Types of Debt

There are two types of debt – secured and unsecured. If you have pledged property as collateral for a loan, the loan is called a secured debt. Examples of secured debt include homes loans and car loans. The loan is secured by the car or home, which means that the person you owe the debt to can repossess the car or foreclose on the home if you fail to pay the debt. Also, if you have a court judgment against you and there is a lien on your home, that may be considered a secured debt.

Unsecured debts are those debts for which collateral has not been pledged. Unsecured debts include medical debts and most credit card debts. Unsecured debt is generally wiped out by a Chapter 7 bankruptcy, and you no longer owe the creditor any money. With secured debt, you may have a choice of what happens, depending on the circumstances. If you are behind on your payments, the creditor may ask the court to lift the automatic stay in order to repossess or foreclose on the property. If you want to keep the property, you will need to cure the arrears and reaffirm the debt in bankruptcy. If you are not behind on your payments, you may be able to keep the property and keep making payments as before (again, you will need to reaffirm the debt in bankruptcy). If you have equity in the property, it may be sold to pay off the debt.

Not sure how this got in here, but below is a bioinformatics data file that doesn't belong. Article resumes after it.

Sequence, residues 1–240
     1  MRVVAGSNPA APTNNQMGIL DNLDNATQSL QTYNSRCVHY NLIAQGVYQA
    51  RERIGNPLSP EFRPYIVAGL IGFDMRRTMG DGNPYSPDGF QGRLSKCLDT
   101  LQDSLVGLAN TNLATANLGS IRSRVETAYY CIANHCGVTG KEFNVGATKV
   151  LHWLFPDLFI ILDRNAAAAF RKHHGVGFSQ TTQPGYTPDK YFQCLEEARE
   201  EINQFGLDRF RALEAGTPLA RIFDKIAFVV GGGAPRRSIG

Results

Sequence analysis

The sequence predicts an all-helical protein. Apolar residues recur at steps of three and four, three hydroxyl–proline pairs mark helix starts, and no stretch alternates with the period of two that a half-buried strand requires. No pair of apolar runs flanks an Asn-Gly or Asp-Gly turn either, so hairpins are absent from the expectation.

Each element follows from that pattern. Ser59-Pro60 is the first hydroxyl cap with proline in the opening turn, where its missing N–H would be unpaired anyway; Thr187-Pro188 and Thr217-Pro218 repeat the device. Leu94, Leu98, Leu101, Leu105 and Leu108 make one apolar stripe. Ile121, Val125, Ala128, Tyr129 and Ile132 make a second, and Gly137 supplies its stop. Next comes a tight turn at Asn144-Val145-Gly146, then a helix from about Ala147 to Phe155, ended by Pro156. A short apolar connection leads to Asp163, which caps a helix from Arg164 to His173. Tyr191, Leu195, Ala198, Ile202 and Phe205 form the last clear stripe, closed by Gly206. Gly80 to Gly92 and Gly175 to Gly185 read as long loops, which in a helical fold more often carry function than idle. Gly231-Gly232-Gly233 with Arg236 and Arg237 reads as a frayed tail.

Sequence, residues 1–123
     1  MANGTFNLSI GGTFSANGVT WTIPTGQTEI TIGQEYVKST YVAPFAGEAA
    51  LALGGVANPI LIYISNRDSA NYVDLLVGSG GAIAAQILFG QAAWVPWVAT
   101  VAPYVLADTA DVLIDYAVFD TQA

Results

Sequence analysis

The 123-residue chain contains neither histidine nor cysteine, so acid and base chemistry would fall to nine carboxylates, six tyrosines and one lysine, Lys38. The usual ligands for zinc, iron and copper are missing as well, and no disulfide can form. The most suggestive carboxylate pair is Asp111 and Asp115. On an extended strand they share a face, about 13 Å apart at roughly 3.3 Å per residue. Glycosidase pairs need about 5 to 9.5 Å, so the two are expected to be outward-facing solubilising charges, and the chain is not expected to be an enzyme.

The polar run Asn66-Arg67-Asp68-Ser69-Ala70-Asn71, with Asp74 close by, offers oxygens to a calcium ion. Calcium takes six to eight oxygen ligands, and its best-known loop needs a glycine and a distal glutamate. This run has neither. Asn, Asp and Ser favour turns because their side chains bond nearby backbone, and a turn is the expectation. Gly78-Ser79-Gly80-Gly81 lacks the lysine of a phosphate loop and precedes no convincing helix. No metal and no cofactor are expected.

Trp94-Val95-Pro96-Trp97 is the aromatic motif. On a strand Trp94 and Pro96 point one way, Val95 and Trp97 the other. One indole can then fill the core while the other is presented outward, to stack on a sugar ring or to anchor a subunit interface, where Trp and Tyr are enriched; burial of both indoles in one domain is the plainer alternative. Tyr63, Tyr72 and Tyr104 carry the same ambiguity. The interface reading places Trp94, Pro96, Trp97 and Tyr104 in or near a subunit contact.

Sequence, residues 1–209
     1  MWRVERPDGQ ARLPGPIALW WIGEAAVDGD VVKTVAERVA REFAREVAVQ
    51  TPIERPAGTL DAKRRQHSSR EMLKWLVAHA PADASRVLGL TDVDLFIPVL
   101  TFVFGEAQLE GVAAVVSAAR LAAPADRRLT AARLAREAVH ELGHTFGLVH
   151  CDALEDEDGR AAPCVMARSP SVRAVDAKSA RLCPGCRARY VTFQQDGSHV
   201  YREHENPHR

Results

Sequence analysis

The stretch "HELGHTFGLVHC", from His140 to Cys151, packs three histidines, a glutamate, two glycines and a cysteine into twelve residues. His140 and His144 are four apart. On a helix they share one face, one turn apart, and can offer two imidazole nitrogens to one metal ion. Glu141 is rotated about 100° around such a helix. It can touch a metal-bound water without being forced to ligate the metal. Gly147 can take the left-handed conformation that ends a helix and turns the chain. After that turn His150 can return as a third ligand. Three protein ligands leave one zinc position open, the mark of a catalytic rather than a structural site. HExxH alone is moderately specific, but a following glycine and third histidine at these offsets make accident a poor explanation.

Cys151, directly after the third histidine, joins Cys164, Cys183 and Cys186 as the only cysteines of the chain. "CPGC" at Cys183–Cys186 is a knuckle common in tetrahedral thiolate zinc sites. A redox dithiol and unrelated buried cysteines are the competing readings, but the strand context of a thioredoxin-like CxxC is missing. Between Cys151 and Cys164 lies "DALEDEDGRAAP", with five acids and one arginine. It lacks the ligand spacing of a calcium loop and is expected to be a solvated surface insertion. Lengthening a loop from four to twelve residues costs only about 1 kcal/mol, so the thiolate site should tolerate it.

Legal Editor: James Shenwick, March 2015

Changes may occur in this area of law. The information provided is brought to you as a public service with the help and assistance of volunteer legal editors, and is intended to help you better understand the law in general. It is not intended to be legal advice regarding your particular problem or to substitute for the advice of a lawyer.

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